I Mobile Cinema: Film fans in the Highlands have become winners after the Scottish Arts Council pledged a two-part award from the National Lottery funds for a mobile cinema to be based in lnvemess. Based on the French ‘cinémobile' design, the touring 1 unit is essentially a 40ft articulated 1 lorry which unfolds into a lOO-seat i luxury 35mm cinema. complete with 15ft wide screen. superb sound and air- I conditioning. Latest releases as well

as films programmed for local communities. tourists and schools will now become available in rural areas previously isolated from * Scotland‘s screens.

I Cameo Shorts: Following the success of Mr Morris, Stand Up and Blue Christmas as supporting shorts to main features at Edinburgh's Cameo Cinema. the call is now out for submissions for a season of Scottish shorts to play alongside Trainspotting in March and April. Films not funded by traditional sources are particularly welcome in order to create a diverse programme; 16mm combined prints are preferred. although. depending on the work received. video projection may be 1 possible. Contact Scottish Shorts Season at the Cameo Cinetna. 38 Home Street. Edinburgh EH3 9L2.

I Video Information Proiect: A new six-month training course in video production for unwaged people begins at VIP froru Friday l2 February with benefits unaffected. For two days per week (Mon/Wed or Tue/Thurs) for

twenty weeks. training will be given in all aspects of video production. with the opportunity to gain Scotvec modules in video production and research. The course is also open to the deaf and hard of hearing. Contact Robert Booth on 0141 550 2485.



" l I J - HY": 'I l ' '- l‘ b i s .‘.~ 0 I ,, " r , I .1 \ \. ' .m - .‘ .. '. . " 4 .' 1‘ S, * v- . .4 {‘3} .. ~ NF). .; 4' " r , “'0.


t ' if .‘y s“. '. .; 3% my. . “a -


I Culloden Peter Watkins' rarely screened drama-doc account of the end

of the Jacobite Rebellion comes to the

Edinburgh Filmhouse on Sat 13 and

Sun 14 Jan. Hailed for its

unconventional ‘newsreel' approach

; when it first appeared on television in

1964. the film still stands out for its

juxtaposition of modern war reporting styles. fictionalised historical set pieces i and hard-hitting political commentary.

Also screening is ian Wyse's Fall From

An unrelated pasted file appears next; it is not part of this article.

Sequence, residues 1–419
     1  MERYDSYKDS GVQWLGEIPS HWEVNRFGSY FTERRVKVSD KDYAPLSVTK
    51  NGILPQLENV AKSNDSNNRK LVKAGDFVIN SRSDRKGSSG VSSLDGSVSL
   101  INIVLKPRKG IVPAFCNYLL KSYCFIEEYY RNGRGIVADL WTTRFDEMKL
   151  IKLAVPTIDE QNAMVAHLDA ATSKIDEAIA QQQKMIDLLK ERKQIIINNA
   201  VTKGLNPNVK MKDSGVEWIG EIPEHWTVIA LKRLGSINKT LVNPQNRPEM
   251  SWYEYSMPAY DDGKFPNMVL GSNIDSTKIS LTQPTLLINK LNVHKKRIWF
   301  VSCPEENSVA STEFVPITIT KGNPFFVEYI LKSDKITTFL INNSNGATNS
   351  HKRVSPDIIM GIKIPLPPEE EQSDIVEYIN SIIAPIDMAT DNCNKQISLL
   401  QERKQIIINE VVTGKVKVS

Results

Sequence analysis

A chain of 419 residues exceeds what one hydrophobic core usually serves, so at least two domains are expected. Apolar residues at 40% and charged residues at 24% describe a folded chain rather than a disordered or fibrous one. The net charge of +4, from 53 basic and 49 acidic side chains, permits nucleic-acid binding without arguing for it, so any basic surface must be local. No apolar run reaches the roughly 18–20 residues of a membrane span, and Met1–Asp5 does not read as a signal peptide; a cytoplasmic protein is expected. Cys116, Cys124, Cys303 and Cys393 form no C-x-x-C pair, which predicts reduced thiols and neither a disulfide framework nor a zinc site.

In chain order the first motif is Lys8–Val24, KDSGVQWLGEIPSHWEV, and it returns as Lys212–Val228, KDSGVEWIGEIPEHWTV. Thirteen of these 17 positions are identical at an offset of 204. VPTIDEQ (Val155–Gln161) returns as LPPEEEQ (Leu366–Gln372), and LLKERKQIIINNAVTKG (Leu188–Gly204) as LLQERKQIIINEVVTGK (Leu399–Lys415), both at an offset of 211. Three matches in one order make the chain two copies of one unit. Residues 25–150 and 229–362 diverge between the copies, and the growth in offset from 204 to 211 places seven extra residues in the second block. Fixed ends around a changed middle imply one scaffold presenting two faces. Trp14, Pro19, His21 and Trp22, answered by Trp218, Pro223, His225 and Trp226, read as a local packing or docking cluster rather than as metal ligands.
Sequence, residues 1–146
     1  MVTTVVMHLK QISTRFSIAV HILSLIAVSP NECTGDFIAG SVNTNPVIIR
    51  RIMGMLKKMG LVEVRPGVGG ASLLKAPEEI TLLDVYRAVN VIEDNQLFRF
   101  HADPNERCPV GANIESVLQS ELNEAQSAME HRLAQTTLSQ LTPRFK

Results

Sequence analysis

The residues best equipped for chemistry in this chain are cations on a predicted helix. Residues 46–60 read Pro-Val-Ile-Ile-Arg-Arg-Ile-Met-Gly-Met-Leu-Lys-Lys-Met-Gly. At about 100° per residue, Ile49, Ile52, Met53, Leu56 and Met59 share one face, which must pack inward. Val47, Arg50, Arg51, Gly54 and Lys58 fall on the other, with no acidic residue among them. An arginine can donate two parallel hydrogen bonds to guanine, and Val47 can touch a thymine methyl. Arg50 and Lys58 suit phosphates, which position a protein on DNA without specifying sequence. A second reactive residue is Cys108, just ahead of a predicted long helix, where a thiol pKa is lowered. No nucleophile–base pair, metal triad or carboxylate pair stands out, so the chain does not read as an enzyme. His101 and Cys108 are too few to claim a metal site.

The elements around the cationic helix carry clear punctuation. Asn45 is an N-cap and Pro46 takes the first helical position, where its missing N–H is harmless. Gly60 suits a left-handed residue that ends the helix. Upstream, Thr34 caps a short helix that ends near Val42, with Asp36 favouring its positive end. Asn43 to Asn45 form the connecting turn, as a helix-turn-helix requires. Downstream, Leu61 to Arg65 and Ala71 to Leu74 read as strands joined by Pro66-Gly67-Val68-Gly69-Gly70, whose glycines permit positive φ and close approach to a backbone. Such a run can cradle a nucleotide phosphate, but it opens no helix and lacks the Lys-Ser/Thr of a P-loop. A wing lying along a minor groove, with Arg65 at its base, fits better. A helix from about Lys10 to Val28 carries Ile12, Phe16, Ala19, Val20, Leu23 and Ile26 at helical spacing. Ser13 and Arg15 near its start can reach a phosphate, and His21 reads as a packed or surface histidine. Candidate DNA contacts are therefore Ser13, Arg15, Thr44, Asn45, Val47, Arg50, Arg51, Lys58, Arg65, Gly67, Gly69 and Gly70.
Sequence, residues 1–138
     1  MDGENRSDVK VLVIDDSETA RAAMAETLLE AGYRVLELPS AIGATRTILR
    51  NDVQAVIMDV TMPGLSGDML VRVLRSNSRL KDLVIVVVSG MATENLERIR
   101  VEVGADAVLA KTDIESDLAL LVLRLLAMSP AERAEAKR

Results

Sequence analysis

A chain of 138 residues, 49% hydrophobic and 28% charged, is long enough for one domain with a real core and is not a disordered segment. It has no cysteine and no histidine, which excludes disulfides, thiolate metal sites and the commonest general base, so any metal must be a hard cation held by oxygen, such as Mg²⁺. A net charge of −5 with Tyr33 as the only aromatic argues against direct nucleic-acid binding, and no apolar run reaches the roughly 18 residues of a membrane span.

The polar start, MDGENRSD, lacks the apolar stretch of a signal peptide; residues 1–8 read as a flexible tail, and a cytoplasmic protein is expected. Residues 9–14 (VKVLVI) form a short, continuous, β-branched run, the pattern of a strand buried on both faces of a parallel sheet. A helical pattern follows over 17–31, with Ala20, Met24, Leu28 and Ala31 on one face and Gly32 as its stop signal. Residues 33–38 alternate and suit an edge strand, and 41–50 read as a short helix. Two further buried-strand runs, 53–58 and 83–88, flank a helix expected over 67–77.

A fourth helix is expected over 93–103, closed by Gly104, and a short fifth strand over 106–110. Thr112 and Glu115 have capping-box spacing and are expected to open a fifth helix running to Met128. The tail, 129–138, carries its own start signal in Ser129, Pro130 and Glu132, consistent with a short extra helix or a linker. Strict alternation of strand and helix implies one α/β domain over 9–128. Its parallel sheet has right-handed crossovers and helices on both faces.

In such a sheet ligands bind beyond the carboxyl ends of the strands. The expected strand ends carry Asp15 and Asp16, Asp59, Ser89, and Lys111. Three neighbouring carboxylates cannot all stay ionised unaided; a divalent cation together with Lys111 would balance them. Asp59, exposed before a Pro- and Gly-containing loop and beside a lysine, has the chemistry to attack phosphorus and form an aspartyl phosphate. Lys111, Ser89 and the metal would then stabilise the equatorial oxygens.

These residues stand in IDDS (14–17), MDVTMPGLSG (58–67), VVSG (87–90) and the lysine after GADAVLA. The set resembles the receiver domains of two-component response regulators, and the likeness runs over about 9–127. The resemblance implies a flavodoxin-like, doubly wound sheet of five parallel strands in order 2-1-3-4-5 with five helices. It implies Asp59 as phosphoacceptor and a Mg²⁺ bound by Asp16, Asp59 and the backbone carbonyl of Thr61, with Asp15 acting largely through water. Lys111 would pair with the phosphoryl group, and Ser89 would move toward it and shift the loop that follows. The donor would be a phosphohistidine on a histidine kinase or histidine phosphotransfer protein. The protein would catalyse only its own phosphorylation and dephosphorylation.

(ii-are. which deals with the aftermath

of the battle and Bonnie Prince Charlie's retreat to the Highlands.

EEE_% Readyibr

wilderness after Gregory’s Girl) and neanderthal Gladiator ‘Wolf’, The Bruce offers an alternative portrayal

of the legend and character of Robert ' The Bruce than that given by Angus McFadyen in Bravehearf.

‘We come to redress the balance,’

says Sandy Welch, who takes the title

role. This is his first torai into cinema:

Oliver Reed sets his sights on Bannockburn

Cromwell Productions - the team responsible for Chasing The Deer- have used their idiosyncratic fund- raising methods to bring another chapter of Scottish history to the big screen. Individual sponsors have invested £1000 each in The Bruce in exchange for a role as an extra in the latest ‘tartan western’ to rear its warrior head. With a cast which includes 0llver Heed, Brian Blessed, Dee Hepburn (back from the

: ? after more than a decade as an

integral part of the Citizens Theatre Company. ‘I haven’t seen Bravehearf. I

didn’t want it to influence my

portrayal. But I think it’s a bit early to

be making comparisons between us

and the major blockbusters.’

Nevertheless, the film’s producers are excited at the prospect of an audience already revved up by the Mel Gibson epic and Rob Roy. lot that they lay any claims to greater historical accuracy. ‘We take nothing but historical liberties,’ says producer Bob Carruthers. ‘There are so few primary sources that we don’t know how Bruce spoke or acted. We make no excuses for that; it’s a piece of drama, not a history lesson.’

Cromwell Productions are already

preparing two further projects

1 involving Scottish legend and

literature. Brian Blessed will make his : directorial debut with Macbeth and

Oliver Reed is earmarked to portray

Sawney Bean, Scotland’s answer to

Hannibal Lecter. In the meantime, The Bruce makes Its mark as a film of the people with premieres for the general public all over the country, Including Glasgow on 1 Mar and Edinburgh the

1 followlng day. (Fiona Shepherd)


During the brash glitz and disgraceful commercialism of the 1995 Academy Awards ceremony came a single moment of cinematic splendour. Director Michelangelo Antonioni received an Honorary Oscar for Lifetime Achievement, and as he 1 - stepped onto the stage, hindered by the effects of a severe stroke, a